Well over 6 months since my motorcycle accident, the races for which I had signed up continue to loom on the horizon. The latest is one of my favorites, the Mexican Death Race.
As expressed numerous times, tough, physical, events have been a form of meditation to me. In fact, one of the most emotionally rewarding moments I recall from the last few years was hiking alone, in the hills west of Mexico City, by moonlight, at the Death Race in Mexico. Alone with my thoughts, physically challenged, incredibly content.
Since then I have had to deal with some significant thought processes. The huge swings from hope to despair have been the worst, and the jealousy of those that are able to do what I currently cannot has been immense. I am lucky that there are still options to at least keep some of my physicality with shorter races, stints in the gym, and hauls around NYC.
With all this, I have had to draw on some tools to help assuage some of the negativity. It dawned on me, that the change in approach I have had to take is very similar to the period in my life when I wanted more than I could afford, when I thought things would make me happy, and when I kept an unhealthy debt level on my credit cards. The joys of a consumerist society to the young and uninitiated.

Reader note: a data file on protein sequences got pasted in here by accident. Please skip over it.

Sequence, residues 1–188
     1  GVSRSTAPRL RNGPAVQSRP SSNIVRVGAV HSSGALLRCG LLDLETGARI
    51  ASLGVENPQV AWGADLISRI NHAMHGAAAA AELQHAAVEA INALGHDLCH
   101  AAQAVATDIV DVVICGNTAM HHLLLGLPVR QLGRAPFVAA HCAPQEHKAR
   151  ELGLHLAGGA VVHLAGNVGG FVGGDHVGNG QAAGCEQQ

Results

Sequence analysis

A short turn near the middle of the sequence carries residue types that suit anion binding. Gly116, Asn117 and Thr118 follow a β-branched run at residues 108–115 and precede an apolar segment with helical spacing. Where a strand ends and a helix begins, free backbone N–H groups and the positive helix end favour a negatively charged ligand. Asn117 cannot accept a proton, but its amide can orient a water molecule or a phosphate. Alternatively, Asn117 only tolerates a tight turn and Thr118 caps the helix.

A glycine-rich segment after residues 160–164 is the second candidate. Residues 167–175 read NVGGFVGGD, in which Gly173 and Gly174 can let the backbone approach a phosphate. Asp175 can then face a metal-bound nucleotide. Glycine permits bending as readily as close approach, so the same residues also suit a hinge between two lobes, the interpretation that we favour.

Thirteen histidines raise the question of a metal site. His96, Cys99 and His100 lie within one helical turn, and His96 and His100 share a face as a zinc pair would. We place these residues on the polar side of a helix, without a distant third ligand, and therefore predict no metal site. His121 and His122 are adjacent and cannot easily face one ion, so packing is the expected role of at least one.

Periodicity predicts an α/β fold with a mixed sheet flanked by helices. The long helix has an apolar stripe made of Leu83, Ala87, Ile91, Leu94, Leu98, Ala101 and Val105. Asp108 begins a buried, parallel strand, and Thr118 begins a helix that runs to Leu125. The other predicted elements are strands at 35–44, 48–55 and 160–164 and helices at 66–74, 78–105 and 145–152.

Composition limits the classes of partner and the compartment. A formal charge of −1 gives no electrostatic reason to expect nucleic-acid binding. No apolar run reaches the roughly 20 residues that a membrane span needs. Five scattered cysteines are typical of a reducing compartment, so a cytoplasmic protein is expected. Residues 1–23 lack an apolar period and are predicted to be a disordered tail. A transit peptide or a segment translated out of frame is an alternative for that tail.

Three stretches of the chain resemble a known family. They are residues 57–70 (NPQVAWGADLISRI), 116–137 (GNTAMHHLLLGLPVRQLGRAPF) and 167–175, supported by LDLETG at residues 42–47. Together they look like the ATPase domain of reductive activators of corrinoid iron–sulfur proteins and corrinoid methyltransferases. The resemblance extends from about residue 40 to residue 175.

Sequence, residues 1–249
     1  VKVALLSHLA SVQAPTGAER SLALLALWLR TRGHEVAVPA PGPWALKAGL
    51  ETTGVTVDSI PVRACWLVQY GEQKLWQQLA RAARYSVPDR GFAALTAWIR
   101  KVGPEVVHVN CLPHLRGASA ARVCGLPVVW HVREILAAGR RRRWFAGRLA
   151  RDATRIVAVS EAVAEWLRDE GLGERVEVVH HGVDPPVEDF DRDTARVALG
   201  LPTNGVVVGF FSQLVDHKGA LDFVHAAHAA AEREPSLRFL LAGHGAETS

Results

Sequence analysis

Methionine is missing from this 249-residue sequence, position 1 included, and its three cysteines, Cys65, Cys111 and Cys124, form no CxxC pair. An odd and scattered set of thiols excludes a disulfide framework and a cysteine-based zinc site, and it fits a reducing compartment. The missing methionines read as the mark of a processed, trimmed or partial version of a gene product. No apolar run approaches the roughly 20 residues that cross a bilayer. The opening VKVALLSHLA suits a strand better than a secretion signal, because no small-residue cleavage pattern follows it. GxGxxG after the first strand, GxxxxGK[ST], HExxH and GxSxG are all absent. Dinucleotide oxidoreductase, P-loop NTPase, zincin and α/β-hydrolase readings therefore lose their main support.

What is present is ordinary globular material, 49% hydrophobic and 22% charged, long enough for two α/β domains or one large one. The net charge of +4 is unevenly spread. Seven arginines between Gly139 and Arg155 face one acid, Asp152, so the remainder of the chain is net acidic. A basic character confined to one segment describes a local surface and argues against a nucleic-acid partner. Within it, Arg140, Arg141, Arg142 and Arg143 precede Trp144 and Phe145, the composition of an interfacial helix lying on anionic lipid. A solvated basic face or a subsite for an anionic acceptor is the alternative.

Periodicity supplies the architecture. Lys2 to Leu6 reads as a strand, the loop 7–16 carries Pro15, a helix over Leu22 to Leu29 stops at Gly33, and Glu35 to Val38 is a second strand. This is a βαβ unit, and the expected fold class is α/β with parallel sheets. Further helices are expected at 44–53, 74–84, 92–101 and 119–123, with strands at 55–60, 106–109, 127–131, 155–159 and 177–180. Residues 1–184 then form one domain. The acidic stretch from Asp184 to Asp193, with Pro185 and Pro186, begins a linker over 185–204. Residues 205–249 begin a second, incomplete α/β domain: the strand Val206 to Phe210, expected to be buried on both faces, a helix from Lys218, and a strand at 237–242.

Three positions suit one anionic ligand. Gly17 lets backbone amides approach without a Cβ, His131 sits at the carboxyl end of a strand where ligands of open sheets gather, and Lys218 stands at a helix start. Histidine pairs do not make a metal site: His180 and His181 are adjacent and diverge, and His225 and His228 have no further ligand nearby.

Upon growing up a bit, I decided the stress of all that debt was too much. I spent a lot of time and effort wiping it out, and ensuring that I was always cash positive. At the same time, I spent more time doing free or cheap activities. Hiking with my son, spending time exploring the beach, camping, visiting friends. The lightbulb went off and I recognized very quickly that I was enjoying the experiences of life I had found way more than I enjoyed the things that I had owned. All of this is pretty obvious now, but then it was a revelation.
The parallel that struck me is that my current situation is very similar. While I was in the best physical condition of my life in terms of strength and endurance when the accident happened, I had only just started to come to terms with the physical debt that I was accumulating. Rather than financial debt, this was the accumulation of injuries, immobility, and bad habits. I was starting to clear that physical debt, but now I have the perfect opportunity to do so.
Without the option of being as physical as I like due to my circumstances right now (the parallel being, having ran out of money), I can spend this time paying down the debt accumulated over many years (immobility, built up scar tissue, etc).
And there is no better place to start than the excellent resource “Becoming A Supple Leopard”, by Kelly Starrett of MobilityWOD.
The moral of this story? Like so many other stories, the moral is that every cloud has a silver lining.